Raphaël Styx is dead, but not completely. Ten years after Bavo Dhooge published his book about the corrupt inspector, the crime series with a horror twist can be seen on Streamz. ‘This genre is more difficult in Flanders.’
“I know nothing.” Bavo Dhooge (51) is allowed with his book Styx or supplied the raw material on which the TV series is based, he himself did not see even a second of it. A conscious choice, he says. “I will see the first two episodes at the Ostend film festival and want to discover the rest together with the viewers.”
The core of the book, which was published in 2014, has been preserved in the adaptation into an eight-part series. Styx revolves around the corrupt inspector Raphaël Styx, who is shot dead but continues to live as a kind of zombie and hunts down a serial killer. Meanwhile, he tries to save the furniture at home after years of missteps and too much drink.
“I have been informed that there are some major differences between the book and the series,” says Dhooge. “In the book I took a lot of time to explain Styx’s background. He isn’t shot until around page 75, but in series this all has to happen faster today. That’s right at the beginning. In the book the murderer remains unknown until the end, while in the series you find out in the first episode. A fantasy line has also been deleted, in which Styx walked around Ostend during the Belle Époque.”
Dhooge doesn’t know anything more, because he didn’t read the scenarios. Surprising perhaps, especially when you know that the writer studied Film & Television at the KASK in Ghent. Didn’t you feel the itch to be more closely involved in production? “We agreed on this from the start,” says the writer, who has a cameo as a journalist in the series. “I immediately indicated that I wanted to hand it over and preferred to stay out of it. When the contract with Eyeworks was signed in 2015, I had little desire to dive into it again: reducing 320 pages to eight episodes, new storylines that would be added: I was done with the story.”
“Moreover, I am secretly more of a film lover than a series fan. For me, films are closer to books, especially in terms of structure. A series requires more commitment and is a bit more difficult for me.”
This is also evident when Dhooge writes thrillers, working through a narrative structure that is also used for film scenarios. “I work with a three-act structure and put everything into a schedule in advance. My writing is also more cinematic: I think more visually, so I unconsciously write movie scenes. But I never write anything with a view to a film adaptation. If you do that, it usually doesn’t happen anyway.”
Of Styx So it worked, although it took some patience. Ten years after the book came out, and nine years after production house Eyeworks bought the rights, the time has come. “It took quite some effort to raise the budget and convince channels,” says Dhooge. “In Flanders this genre is more difficult. Zombies evoke very B-movie associations. It is wise that Eyeworks does not use the term, because it is actually more the resurrection of a man than him becoming a zombie.”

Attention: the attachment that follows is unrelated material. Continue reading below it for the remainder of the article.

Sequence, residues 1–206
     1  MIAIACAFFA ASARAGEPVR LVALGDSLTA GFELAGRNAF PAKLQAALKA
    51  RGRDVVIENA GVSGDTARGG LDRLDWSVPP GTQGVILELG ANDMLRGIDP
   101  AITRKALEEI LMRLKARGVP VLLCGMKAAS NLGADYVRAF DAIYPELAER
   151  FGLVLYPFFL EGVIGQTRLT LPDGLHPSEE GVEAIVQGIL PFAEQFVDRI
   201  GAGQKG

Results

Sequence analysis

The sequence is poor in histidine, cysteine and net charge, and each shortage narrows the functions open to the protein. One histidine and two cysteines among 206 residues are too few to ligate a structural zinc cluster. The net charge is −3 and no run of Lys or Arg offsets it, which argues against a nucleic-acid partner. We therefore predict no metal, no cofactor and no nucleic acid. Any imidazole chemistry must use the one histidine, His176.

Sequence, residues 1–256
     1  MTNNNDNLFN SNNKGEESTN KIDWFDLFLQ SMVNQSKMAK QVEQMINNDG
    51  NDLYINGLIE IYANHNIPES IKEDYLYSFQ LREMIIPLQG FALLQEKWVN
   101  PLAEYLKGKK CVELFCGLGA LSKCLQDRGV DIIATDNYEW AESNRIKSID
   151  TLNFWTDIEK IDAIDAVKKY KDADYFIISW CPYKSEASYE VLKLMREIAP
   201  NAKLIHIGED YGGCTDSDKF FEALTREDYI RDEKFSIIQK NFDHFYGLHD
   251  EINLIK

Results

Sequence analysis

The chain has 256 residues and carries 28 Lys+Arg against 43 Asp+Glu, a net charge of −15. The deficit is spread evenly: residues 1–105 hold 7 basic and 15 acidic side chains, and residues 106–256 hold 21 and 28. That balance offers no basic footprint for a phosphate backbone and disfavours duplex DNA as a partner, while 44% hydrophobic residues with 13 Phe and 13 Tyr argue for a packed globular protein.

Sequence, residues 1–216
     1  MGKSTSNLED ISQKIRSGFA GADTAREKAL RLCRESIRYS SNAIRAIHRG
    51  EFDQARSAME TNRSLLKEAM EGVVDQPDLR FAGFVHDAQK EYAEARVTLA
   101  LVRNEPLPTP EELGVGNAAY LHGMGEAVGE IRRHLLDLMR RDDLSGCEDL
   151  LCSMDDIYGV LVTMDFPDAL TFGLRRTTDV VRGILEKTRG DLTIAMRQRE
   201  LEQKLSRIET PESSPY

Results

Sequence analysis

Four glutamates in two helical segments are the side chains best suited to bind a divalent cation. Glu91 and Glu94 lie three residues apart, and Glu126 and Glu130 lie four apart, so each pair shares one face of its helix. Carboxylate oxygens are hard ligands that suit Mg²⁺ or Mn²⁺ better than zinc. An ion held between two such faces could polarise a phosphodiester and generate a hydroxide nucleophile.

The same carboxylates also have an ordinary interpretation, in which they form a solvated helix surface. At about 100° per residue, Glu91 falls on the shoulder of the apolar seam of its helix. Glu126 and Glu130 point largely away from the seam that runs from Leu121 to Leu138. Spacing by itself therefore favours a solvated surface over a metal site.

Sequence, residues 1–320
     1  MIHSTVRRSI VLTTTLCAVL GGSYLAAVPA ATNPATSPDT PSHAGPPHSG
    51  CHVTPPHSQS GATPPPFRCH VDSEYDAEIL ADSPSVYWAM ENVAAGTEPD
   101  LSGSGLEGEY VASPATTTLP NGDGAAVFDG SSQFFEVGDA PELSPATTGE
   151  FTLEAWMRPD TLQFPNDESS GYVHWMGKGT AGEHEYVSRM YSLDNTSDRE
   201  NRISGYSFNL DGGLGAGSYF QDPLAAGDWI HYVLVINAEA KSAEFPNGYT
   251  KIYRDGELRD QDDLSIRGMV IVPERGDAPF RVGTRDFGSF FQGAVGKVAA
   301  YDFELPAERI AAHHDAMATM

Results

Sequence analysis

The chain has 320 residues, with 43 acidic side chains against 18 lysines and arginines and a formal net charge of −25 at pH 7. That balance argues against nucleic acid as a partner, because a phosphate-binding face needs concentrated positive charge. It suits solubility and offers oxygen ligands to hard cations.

In the United States the latter turned out to be no problem at all: soon after the first publication, Dhooge signed a deal with Simon & Schuster for an English translation of Styx. “Actually, the plan was to stop that Santa Monica to do, but when my American agent pitched it Styx heard – zombie cop versus serial killer -, the gun was changed shoulders. The hype about zombies was big at the time, and there was the combination with Ostend, the sea, James Ensor… They thought that was much more exotic than Los Angeles. Only in the end the book didn’t do much.”
Conquering the United States was not (yet) an option, but it was possible Styx the book is once again receiving the necessary attention. The film Want to proved last autumn that this can give a strong boost to sales: a new edition of Jeroen Olyslaegers’ book sold more than 12,000 times. Dhooge hopes for a similar effect now Styx also got a new edition? “I’m fairly level-headed about that. Books like Want to and It melts were already bestsellers before the film adaptation. Styx is more of a cult book and never achieved large print runs.”
Extra sales may also be welcome: the book market has collapsed in recent years. “Until 2016-2017, I still sold 3,000 to 4,000 copies of my thrillers. If I won a prize, it could amount to 10,000 pieces. But the book world is now completely different: there are still few outliers, and the broad midfield to which I belong has also collapsed.”
Although that may also be because Dhooge releases a lot in very different genres. “I met last fall The samurai started a new thriller series and will be released at the end of February SICK,a black comedy. Publishers sometimes asked me why I didn’t start a series as Aspe or created my own box like Herman Brusselmans. But for me, writing is also about self-expression and development. This means that you do not have a fixed audience and that people are surprised. But most of all I want to keep surprising myself. If I kept writing books in the same genre, using the same formula, I might have stopped already.”
The first two episodes will be available on Streamz from February 2, followed by a new episode every Friday.